Amazon is once again in the news with its recent acquisition of Diaper.com for a cool $540 million. But the real story, somewhat overlooked in the States is the emergence of a black market (aka China's gray market) that's smuggling Kindle 3G's into the country for a specific purpose. Apparently, it's been discovered that Kindle is the only handheld device to date that can leap the "Great Firewall" of state Web censorship.
According to several international news reports including the South China Morning Post, social media sites such as Facebook and Twitter which have been blocked by the Beijing authorities can be accessed without interference by Kindle's Internet browsing function.
While Amazon has announced that it does not ship the Kindle to mainland China, nor offer content in that country (with over 420 million Web users), an unidentified smuggler in Beijing told the Post that he has been able to get the e-Readers into the country, a few at a time - and that this past month alone - he was able to sell 300.
There are ways for Chinese citizens to dodge the censors although none are automatic in the way the Kindle is. Taobao, China's answer to eBay is another source for purchasing Kindles in Southeast Asia. With prices ranging from a special offer of 700 yuan ($US136) to 5.000 yuan, or $US973, it appears many of Chinese netizens are willing to pay for a device that can "scale the wall automatically."
The 3G Kindle uses global system mobile (GSM) communication technology, which gives WiFi access in over 100 countries, including China. Professor Lawrence Yeung Kwan of the University of Hong Kong's engineering department told the Post that perhaps the reason the Kindle is able to break through the 'firewall' is due to the mainland Internet patrols overlooking blocking the device because it was more associated with e-Book reading than Internet access.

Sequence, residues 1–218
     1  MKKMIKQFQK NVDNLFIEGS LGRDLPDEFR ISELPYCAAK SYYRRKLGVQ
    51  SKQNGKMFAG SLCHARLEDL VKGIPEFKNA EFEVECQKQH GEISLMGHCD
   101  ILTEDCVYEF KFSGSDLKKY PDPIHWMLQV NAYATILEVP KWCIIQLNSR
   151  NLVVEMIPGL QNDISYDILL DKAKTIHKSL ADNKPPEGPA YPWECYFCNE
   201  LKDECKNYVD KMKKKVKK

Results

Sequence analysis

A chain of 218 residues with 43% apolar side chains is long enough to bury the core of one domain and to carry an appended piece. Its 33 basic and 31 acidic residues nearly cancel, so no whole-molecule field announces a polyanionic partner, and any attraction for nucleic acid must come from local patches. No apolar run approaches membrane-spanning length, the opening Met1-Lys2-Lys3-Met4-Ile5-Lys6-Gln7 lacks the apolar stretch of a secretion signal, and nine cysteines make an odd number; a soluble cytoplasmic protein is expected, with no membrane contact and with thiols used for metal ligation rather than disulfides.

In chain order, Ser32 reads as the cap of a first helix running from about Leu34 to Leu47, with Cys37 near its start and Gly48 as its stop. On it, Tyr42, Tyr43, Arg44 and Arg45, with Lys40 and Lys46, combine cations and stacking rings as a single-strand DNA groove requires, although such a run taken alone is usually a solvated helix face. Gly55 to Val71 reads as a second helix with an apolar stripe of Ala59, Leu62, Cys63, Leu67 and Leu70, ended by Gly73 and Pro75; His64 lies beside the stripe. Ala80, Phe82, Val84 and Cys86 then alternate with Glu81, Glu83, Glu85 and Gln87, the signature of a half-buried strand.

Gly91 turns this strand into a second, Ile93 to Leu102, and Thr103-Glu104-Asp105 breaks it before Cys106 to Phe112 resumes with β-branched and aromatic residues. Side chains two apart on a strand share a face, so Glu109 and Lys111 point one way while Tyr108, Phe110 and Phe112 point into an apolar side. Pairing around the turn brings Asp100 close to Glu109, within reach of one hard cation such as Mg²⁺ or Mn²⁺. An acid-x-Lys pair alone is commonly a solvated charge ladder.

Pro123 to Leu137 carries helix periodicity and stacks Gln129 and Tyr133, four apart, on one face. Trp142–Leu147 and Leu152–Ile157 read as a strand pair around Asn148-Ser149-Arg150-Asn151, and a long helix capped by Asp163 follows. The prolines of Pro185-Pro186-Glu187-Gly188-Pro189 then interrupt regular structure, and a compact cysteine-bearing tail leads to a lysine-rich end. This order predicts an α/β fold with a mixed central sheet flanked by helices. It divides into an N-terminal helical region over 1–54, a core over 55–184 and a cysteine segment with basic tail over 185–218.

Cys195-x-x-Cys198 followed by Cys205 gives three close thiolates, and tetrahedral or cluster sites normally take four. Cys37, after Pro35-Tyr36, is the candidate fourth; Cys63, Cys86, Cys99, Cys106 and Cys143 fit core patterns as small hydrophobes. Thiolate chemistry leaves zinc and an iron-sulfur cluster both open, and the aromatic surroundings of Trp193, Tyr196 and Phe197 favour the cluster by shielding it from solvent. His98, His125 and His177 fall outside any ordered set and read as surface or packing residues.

The Kindle has its own network called Amazon Whispernet which provides wireless coverage vita AT&T's 3G data network in the US and partnering networks throughout the rest of the world. While this technology allows for auto-synching of books to the device, it also allows it to browse the Web.
I am sure techies and developers will be spending a lot of tinkering with Kindle's browsing system to find out what distinguishes the e-Book Reader from say… an iPhone or Blackberry browser. Howeve, now that the device's cover has been blown, I am sure the Chinese authorities are also doing their own investigation and the "Great Firewall" will start blocking Kindles in the very foreseeable future.
This censor-leaping capability is definitely an unexpected boon for Amazon competing not only in the e-Reader markets but also against competitors like iPad and other smartphone devices. While Amazon did not offer to comment on this story, I'm sure CEO Jeff Bezos has had a sly grin on his face ever since he heard the news. The intrigue alone sure beats the idea of selling diapers for a living!
For other posts on Kindle and the e-Book reader market, check out the following:
- The $49 Kindle Was The Only Question Not Asked By Charlie Rose
- Reports Of The Death Of The Kindle Are Slightly Over Exaggerated
- Kindle vs Nook & Sony Reader
- Kindle, Sony, Nook vs Apple, Google, Microsoft - One Trick Ponies vs Multimedia Devices
- Kindle, Nook and Sony - E-book Reader Comparison Reports
- Tablet Wars: iPad vs HP Slate vs JooJoo vs Dell Mini 5 vs Archos7 vs Notion Ink Adam
- Kindle vs Nook, Target vs Best Buy - eBook Readers Go Retail!
- Kindle's New Features OutPad The iPads & OutRead The Sony Readers?
- Kindle Stars On Android After Successful Guest Appearances On iPhone, iPad & Blackberry
- Kindles Might Be Getting Thinner, But No Color, Nor Touch-Screen?
- E-Reader Price Wars Pit Kindle vs Nook, While iPad Holds Ground
- Kindle DX vs The Lord Voldemort of Tablet Devices